Much of the evidence in this study relates to oxygen. Oxygen is a swinger; it can be combined with almost anything. In combination with other elements on Mars, the resulting minerals carry traces of their origin as isotopes. By tracking the origins of compounds containing elements such as iron and titanium, researchers developed a kind of timeline for the evolution of Martian rocks as they melted and solidified.

This research focused on 15 magmatic clasts of Black Beauty. The team performed a detailed analysis of these clasts using several types of spectroscopy.

“It has been suggested that these clasts are the product of early remelting of the primary crust from the Martian mantle, likely by impact. Hence, these magmatic clasts can provide glimpses of the ancient Martian surface and allow us to study the physicochemical conditions on the planet's surface, including oxygen volatility at the time of the crust overwork. This information is of crucial importance in order to limit the point in time of the establishment of the hydrosphere and atmosphere of Mars and thus the potential for early habitability, ”the authors explain.

Titanium isotopes played a key role in the work. “Thus, the combination of chemical and Ti isotopic compositions can be used to determine the igneous heat and / or redox history of igneous rocks, ie the T-fO2 paths during magma evolution,” the authors write in their paper.

As far as possible, that's fine. But how did a cold planet like Mars hold this water at a time when the sun was much younger and weaker? How was this water deposited in the ancient lakes and rivers – and even the oceans – of which we find evidence today?

According to the researchers, the same impact that released all of the oxygen released greenhouse gases as well. These gases heated the atmosphere enough that liquid water persisted. According to Zhengbin Deng, this means that the CO2-rich atmosphere may have caused a rise in temperature and thus liquid water was present on the surface of Mars.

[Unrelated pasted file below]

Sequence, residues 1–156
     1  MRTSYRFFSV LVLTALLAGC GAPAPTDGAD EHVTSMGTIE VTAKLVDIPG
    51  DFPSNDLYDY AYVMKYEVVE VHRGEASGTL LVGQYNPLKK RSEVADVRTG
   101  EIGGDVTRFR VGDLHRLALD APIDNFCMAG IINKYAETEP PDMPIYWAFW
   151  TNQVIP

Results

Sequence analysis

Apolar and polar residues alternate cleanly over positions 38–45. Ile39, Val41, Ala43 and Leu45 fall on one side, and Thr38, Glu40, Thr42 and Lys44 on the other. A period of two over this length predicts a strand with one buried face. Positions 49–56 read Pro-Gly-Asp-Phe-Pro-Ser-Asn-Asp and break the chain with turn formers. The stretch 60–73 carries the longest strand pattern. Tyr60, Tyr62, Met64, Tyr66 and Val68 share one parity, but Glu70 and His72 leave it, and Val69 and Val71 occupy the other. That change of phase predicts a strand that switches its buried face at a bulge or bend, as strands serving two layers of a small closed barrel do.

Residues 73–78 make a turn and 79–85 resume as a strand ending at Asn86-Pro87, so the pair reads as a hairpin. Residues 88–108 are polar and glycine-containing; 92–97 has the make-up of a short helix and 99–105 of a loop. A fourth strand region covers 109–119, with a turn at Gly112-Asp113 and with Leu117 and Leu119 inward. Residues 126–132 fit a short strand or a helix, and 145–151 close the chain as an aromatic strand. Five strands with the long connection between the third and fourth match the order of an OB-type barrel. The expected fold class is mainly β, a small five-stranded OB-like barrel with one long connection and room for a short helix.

The artistic impression of a warm, humid early Mars. This new research suggests that impacts may have released greenhouse gases that enabled the planet to retain liquid water on its surface. Image credit: Daein Ballard. CC-BY-SA-3.0

However, these results include a warning that was provided by the authors themselves. “The high-17O water component on early Mars can either represent water that is delivered by impact with material such as water-rich asteroid bodies, or alternatively water that is balanced with photochemical products from the early Martian atmosphere. Our data cannot distinguish between these two possibilities. "

However, that doesn't mean their data are weak overall. “An origin of influence for the basalt clasts NWA 7533/7034 results from their accumulation in highly siderophiles Elements. "They also point out that their interpretation of the data is consistent with other evidence," … which indicates that the first 8 to 11 km of the Martian crust are severely fractured. It has been suggested that such early bombardment episodes may have increased surface temperatures on the Mars, resulting in a warm and humid early climate implied by the ancient records of river activity. "

A theory that has been confirmed or refuted on the back of a single study is rare. This one is no exception. However, another current study is presented in which the origin of the earth water is examined.

The earth is now a warm, watery wonderland. Perhaps more rocky planets started like this but eventually lost theirs. Photo credit: NASA Earth Observatory.The earth is now a warm, watery wonderland. Perhaps more rocky planets started like this but eventually lost theirs. Photo credit: NASA Earth Observatory.

This latest research suggests that Earth's water actually came from the solar nebula shortly after the planet was formed. Not water itself, but hydrogen and oxygen trapped in the earth's mantle. In the course of time these elements combined to form water. Also, if this study is correct, hydrogen and oxygen in the Martian mantle may have combined to form water from violent jolts long before asteroids and other bodies could have delivered it.

Or it could be that the waters of Earth and Mars had multiple sources. It can come from both asteroid impacts and solar nebula.

Chances are that rocky planets often have early water and that delivery by asteroids is not required. In any case, the conversation about the water source on rocky planets became even more interesting.